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Shannon novelist on the scene of the crime

CERTAIN unsolved crimes echo in Ireland’s consciousness over decades, with names like Philip Cairns, Raonaid Murray and Trevor Deely still recognisable long after their deaths or disappearances. What happens when a crime goes unsolved for far too long is the theme of Rachael English’s new novel, The Night of the Party, set in Clare during the heavy snow of 1982. In her fictional village of Kilmitten, parish priest Fr Galvin is killed, and the crime remains still unsolved a generation later. “Even though it starts with a crime, I wouldn’t really call it a crime novel. You could probably call it a mystery in the old-fashioned way. It’s not a modern thriller, with fingerprints and DNA and serial killers,” says the author and RTÉ presenter, who hails from Shannon. The story shows how being close to a terrible event, but not talking about it, can reverberate through a life, with one of the main characters carrying a dark secret from …

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The story of Ireland’s First takes flight

Mayo man Nigel Beers-Smith took up residence at Mountshannon Harbour six months ago when he decided to embark on Ireland’s First, a story of the first pair of white tailed sea eagles to have successfully bred in Ireland for over 100 years.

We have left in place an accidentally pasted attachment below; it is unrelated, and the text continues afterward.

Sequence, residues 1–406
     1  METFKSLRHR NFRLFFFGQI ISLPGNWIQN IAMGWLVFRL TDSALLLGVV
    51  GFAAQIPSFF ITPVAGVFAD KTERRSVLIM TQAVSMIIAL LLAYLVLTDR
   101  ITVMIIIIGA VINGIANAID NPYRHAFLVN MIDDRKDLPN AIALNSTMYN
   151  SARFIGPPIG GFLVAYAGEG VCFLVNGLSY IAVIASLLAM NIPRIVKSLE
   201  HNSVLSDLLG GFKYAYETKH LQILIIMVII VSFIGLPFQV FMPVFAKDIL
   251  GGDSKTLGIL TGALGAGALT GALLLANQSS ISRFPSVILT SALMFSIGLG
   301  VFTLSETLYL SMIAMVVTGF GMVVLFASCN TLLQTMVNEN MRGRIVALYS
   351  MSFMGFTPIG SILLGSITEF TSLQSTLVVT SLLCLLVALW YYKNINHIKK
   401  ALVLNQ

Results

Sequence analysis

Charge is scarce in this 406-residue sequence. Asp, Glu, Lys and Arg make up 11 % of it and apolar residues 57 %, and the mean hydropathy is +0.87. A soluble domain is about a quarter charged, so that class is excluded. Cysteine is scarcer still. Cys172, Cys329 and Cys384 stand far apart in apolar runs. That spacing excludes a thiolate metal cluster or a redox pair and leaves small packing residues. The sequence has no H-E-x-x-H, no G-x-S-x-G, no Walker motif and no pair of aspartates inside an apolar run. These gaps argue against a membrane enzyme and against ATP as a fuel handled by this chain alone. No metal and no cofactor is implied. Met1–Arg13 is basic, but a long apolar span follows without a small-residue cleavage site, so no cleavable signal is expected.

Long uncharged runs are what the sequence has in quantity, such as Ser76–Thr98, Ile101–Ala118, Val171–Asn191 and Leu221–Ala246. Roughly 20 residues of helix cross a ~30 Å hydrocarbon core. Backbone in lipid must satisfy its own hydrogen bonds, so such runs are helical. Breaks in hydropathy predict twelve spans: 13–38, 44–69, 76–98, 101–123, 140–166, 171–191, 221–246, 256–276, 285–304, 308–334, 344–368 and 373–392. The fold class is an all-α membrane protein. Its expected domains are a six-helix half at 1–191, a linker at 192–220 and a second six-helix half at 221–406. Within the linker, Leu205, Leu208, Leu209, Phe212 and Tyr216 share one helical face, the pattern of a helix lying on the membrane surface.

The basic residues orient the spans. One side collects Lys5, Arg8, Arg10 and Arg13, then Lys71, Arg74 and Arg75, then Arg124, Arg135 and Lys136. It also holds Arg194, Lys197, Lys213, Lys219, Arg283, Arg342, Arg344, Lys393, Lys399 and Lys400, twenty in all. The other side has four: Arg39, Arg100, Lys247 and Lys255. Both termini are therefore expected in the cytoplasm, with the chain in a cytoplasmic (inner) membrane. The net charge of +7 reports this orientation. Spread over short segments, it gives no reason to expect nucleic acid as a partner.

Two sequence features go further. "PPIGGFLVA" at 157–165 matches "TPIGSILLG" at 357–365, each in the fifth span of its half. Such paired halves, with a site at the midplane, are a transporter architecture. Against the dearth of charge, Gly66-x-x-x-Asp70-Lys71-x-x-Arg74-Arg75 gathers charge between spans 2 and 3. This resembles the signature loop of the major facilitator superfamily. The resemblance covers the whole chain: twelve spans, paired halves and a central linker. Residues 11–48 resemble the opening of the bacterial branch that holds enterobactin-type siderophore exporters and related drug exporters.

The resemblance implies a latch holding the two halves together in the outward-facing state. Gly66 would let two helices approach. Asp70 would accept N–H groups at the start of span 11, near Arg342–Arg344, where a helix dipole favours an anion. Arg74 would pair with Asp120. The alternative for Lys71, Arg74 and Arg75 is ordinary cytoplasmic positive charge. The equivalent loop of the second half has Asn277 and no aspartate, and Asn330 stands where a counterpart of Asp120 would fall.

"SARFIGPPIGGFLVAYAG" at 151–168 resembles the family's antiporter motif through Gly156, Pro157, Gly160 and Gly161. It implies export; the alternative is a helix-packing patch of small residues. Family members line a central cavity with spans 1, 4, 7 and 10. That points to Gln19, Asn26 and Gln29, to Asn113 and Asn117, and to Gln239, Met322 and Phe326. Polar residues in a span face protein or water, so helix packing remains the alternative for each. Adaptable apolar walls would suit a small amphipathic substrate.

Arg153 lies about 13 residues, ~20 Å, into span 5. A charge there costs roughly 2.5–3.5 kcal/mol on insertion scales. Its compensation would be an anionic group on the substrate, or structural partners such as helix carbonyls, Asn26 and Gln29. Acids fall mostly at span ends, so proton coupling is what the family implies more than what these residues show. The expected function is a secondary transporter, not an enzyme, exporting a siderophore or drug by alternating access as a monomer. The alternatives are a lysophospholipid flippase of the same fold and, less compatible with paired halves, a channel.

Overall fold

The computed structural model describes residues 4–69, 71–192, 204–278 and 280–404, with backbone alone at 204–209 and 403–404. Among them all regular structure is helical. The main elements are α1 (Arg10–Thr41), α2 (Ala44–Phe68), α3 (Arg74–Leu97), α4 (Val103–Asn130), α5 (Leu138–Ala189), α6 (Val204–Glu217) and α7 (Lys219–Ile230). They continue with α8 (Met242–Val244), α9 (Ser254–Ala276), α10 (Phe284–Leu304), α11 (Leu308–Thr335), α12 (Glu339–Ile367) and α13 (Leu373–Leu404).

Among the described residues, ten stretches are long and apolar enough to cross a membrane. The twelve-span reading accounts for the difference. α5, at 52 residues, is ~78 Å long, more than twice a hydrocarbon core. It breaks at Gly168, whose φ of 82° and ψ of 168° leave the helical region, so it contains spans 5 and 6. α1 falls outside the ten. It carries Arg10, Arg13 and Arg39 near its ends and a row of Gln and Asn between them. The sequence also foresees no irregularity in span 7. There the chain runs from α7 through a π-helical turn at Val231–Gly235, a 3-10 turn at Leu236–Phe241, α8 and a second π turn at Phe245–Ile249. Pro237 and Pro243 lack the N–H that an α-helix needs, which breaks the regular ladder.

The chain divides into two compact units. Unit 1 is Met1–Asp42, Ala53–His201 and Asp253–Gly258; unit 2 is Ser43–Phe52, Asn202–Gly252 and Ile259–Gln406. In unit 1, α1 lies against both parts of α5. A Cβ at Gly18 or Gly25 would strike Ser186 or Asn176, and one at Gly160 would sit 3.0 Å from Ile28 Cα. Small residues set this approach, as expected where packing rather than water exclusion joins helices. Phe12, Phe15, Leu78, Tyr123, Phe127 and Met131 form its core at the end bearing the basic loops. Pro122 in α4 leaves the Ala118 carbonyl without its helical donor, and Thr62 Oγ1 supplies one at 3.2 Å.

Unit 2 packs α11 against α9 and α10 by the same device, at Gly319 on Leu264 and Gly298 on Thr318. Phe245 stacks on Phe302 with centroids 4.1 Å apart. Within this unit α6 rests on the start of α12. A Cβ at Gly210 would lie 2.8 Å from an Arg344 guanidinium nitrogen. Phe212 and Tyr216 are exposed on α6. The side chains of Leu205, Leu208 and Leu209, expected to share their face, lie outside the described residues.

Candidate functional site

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Better ebook availability

THE decision by the European Commission to prioritise the availability of ebooks is a positive step for people with visual disabilities according to Seanad Spokesperson on Justice, Disability and Equality Martin Conway.

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East Clare author casts off for first book

East Clare resident and boat enthusiast Nicki Griffin will launch a craft of a different kind next week when she launches her first book documenting 10 years on Irish waters.

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Write way to solve the economic crisis

Ennis resident and Rwandan native André Hakizimana, an economics masters graduate, has recently launched a new book charting a different take on Ireland’s economic downturn and what he feels can turn it around.

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Exploring the War’s other side

TUMULTUOS events in the early part of the last century are the backdrop for (pictured) PJ Curtis’ new novel A Nightingale Falling.

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Plans already underway for 2014 Doolin Writers’ Weekend

THE Doolin Writers’ Weekend will take place again next year, it has been announced.

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Local libraries expand their language profile

CLARE’S library services have moved to offer literature in different languages over the last few years, due to the changes in the Banner’s demographics, and they say that the numbers of books being borrowed in languages other than English is remaining stable.

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